I am not sure but I can't find any words that describe normal calm breathing. Something that describes the exhale of a breath or blowing air out from your mouth. Not frantic or puffed breathing just relaxed sounds like a sigh. But a sigh describes what the person is doing... not really the actual sound... Are there any English words for this?

  • Sigh is also a sound. ("to make a sound suggesting a sigh" OR "the act or sound of sighing.") Source: dictionary.com/browse/sighed
    – Bella Swan
    Apr 5, 2019 at 10:16
  • Not sure if there's a one word term for this. I think most would just say regular breathing or a regular rhythm of breathing
    – Smock
    Apr 5, 2019 at 12:36
  • Just breathing itself. (Or breathe or breath, depending on how it's used.) Any other word would be used for something unusual. But if you have to draw a contrast with an adverb, then regular or normal as suggested. Apr 5, 2019 at 12:58

2 Answers 2


The most common word for breathing is "respiration" which is often broken down by definition into two actions - to inhale and exhale. There is also the technical term for normal breathing which is "eupnoea". However, the word "breathing" itself would seem to be descriptive enough for most usages.

If you are searching for an onomatopoeic word for the (sound of) regular breathing, I did find "susurration". It is a noun mostly used for a low, indistinct whispering sound. I found this online descriptive usage - susurration [a soft, whispering or rustling sound] of the breeze in the wayside grasses. However, it could be used as descriptive of breathing sounds as well - e.g. normal/calm/slow/indistinct breaths could be replaced with "susurrations" (the inhalations/exhalations of normal breathing in context). It can also be used in the adjective form "susurrous" - e.g. susurrous respiration/breaths/sounds.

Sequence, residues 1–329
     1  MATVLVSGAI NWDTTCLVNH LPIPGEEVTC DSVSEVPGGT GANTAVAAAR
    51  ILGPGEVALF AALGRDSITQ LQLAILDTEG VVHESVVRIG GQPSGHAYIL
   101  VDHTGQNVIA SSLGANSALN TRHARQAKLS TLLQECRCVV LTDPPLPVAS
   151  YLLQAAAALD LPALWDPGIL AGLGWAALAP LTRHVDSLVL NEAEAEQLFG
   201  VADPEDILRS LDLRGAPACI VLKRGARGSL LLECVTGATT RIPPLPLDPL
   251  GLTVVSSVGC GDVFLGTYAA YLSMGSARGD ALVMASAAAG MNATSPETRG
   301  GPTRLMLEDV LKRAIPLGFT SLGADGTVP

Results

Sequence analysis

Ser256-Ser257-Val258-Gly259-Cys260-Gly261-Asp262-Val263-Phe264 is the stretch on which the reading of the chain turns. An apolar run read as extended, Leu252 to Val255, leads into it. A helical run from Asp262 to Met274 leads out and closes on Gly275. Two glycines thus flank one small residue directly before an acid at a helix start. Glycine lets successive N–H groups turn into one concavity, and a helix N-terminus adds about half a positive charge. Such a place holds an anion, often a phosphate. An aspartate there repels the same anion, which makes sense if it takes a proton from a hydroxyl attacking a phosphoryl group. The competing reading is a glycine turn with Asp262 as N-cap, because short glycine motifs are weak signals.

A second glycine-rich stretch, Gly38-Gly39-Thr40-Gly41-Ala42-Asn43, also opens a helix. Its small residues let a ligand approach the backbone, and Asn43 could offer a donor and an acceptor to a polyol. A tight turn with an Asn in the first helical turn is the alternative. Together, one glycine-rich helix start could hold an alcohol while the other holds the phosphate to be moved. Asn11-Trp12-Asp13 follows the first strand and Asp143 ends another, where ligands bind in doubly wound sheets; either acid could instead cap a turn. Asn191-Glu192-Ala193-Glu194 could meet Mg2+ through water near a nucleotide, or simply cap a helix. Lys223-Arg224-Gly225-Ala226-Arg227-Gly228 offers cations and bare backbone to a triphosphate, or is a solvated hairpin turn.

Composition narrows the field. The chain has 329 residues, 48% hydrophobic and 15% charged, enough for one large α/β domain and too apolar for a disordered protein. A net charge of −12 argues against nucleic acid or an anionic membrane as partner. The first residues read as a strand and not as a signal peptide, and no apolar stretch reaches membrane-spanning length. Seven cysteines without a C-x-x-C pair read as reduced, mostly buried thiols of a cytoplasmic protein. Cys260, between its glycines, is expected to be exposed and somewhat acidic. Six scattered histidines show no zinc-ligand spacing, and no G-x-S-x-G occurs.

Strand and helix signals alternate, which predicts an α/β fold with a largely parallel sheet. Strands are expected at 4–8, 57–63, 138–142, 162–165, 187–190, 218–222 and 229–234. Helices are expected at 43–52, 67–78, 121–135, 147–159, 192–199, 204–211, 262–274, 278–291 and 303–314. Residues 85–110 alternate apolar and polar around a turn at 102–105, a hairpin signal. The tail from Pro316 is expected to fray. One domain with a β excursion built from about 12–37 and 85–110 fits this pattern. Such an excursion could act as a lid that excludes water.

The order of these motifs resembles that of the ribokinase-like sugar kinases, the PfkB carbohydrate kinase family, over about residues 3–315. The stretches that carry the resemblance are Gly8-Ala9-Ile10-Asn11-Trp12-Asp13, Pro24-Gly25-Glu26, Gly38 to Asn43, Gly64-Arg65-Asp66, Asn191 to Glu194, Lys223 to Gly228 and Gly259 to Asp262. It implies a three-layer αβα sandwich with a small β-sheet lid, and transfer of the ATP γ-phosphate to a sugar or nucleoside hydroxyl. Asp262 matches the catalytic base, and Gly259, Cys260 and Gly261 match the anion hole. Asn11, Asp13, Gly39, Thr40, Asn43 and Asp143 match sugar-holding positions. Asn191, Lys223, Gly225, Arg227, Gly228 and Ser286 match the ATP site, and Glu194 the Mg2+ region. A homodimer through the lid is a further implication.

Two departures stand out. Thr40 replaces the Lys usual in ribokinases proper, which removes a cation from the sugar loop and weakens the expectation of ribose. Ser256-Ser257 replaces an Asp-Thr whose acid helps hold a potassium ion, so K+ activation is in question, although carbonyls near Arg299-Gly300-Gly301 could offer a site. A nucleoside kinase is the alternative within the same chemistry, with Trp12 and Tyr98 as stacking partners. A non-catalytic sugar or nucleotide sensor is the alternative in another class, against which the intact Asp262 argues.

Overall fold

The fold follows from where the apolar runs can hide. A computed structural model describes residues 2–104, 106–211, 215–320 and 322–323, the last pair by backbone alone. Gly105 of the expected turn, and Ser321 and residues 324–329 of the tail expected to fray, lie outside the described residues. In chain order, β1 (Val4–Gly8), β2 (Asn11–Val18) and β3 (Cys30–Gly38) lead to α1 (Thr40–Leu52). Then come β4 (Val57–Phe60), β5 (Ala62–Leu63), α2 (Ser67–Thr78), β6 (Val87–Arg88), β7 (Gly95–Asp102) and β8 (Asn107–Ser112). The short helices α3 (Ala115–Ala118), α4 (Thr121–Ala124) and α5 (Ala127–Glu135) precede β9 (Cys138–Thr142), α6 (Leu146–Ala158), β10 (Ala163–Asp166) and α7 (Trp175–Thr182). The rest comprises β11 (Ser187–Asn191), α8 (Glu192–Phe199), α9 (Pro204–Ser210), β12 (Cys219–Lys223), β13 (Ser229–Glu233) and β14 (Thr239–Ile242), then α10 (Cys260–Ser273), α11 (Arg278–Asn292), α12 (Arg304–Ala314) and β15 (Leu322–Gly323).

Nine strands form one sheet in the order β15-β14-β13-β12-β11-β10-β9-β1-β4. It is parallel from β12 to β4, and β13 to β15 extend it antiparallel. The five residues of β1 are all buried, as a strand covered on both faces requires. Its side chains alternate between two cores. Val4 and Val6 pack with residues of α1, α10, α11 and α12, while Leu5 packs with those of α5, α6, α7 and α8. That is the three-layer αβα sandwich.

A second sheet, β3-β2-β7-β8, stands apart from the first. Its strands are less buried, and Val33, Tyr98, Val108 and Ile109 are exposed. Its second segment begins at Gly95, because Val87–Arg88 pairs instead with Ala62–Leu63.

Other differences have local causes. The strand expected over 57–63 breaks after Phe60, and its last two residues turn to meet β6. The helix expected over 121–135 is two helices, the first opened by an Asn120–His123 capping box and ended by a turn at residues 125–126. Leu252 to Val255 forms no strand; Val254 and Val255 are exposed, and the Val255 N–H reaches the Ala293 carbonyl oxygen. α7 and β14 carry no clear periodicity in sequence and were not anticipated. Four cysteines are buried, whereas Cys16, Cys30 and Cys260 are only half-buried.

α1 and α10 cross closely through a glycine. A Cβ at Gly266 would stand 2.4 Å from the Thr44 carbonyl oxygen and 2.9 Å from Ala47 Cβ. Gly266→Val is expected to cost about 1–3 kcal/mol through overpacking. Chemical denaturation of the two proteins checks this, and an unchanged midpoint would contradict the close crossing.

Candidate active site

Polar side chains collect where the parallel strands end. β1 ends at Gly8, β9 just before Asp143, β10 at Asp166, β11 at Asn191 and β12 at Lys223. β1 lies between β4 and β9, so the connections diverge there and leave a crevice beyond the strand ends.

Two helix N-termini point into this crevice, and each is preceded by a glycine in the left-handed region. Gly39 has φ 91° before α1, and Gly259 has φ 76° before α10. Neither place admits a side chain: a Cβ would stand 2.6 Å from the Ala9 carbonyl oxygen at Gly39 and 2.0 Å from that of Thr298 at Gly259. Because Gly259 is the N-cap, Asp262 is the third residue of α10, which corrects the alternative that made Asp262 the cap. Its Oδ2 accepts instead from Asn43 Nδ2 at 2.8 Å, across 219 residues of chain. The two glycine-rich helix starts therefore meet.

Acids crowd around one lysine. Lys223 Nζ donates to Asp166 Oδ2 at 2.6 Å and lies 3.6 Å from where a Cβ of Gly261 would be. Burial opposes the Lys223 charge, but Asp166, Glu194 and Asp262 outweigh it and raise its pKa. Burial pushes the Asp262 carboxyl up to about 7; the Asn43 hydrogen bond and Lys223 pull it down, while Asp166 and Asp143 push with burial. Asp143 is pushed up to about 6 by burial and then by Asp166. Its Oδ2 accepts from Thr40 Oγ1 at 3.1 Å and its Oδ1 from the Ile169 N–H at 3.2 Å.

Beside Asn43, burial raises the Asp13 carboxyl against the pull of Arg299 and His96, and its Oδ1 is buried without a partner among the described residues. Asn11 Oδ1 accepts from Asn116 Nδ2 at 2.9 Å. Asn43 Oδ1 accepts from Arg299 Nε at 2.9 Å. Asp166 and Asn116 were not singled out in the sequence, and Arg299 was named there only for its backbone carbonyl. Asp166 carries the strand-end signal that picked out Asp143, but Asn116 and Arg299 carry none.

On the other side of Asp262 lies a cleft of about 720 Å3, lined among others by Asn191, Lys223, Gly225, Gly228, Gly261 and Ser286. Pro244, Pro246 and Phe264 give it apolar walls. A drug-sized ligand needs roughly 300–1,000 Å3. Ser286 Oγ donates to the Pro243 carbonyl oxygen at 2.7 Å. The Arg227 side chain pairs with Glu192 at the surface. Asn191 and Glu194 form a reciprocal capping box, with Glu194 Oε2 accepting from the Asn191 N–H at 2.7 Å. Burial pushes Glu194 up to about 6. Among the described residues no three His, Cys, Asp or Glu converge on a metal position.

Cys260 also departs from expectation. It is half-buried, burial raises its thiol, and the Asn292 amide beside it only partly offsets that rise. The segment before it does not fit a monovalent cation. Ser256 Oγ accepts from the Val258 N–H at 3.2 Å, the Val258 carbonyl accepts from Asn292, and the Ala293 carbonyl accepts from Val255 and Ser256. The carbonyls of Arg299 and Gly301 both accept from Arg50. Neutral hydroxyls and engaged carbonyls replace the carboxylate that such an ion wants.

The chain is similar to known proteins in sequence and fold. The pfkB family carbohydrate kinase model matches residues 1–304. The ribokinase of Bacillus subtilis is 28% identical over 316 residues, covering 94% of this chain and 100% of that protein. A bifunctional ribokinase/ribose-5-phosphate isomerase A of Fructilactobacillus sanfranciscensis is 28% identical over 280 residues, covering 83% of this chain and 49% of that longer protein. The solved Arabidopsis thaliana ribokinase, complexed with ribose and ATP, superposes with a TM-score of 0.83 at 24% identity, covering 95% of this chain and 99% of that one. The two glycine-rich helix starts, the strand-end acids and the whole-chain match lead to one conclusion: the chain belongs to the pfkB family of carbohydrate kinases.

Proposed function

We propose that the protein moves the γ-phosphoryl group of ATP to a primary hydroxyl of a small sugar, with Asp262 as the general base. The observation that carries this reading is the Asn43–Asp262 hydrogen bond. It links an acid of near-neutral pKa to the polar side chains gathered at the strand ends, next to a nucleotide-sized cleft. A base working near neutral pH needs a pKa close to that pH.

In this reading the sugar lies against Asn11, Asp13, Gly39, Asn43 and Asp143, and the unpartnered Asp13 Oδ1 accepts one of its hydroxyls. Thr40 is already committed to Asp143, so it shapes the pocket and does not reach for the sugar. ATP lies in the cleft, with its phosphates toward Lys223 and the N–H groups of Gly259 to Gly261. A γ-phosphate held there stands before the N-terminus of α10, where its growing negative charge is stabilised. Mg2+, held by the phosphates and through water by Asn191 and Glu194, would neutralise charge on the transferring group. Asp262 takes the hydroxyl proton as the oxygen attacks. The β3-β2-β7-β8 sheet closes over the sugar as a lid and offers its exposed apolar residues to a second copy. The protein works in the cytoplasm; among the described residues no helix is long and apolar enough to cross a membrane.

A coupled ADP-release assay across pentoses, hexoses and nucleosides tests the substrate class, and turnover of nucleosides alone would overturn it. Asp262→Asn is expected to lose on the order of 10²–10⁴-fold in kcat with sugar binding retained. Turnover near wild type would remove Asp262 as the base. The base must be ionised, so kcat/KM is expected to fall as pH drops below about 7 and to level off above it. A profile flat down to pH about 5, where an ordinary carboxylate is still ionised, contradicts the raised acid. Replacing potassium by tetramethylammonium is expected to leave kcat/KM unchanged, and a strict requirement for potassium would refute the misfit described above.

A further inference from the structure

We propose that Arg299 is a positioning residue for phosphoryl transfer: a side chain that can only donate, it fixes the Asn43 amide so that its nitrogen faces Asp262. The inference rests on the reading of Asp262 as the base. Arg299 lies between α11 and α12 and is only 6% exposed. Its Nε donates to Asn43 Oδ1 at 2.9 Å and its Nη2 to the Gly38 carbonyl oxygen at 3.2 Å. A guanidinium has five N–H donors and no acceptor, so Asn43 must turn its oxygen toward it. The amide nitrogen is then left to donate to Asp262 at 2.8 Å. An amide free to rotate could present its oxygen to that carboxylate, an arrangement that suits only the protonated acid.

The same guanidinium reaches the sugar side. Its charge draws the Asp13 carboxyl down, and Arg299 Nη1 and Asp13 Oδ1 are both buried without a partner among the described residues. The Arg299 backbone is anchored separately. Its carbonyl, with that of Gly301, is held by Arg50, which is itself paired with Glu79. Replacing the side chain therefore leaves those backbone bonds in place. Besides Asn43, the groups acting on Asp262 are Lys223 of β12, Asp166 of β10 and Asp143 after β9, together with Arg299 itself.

• Yeah but i'm trying to find a word that describes the sound that breathing makes not a word for the actual thing itself. Thanks tho!!
    – Chloe
    Apr 6, 2019 at 2:32

I can tell you that, from the standpoint of someone administering first aid, the way to express what you're trying to express (the sound of normal breathing) is "calm breathing". This, however, would be clarified with a respiratory rate in terms of breaths per minute, because "calm" would depend on multiple factors: age, elevation, weight, and they would all correlate to a respiratory rate. Knowing the respiratory rate would be the best measure of normal breathing.

Now, it also sounds like you are trying to capture a sound to calm breathing, and this is merely a matter of perception. A medic would likely comment on the sound of breathing by noting audible elements: a rasp, a wheeze, a hiccup, which might indicate an abnormality. Or, they would note nothing abnormal at all, which is to say, stable breathing with no signs of a disturbance. And this would be noted as "calm breathing". That is to say, there is no single sound associated with calm breathing. We all breathe differently if you get down to the sounds we make.

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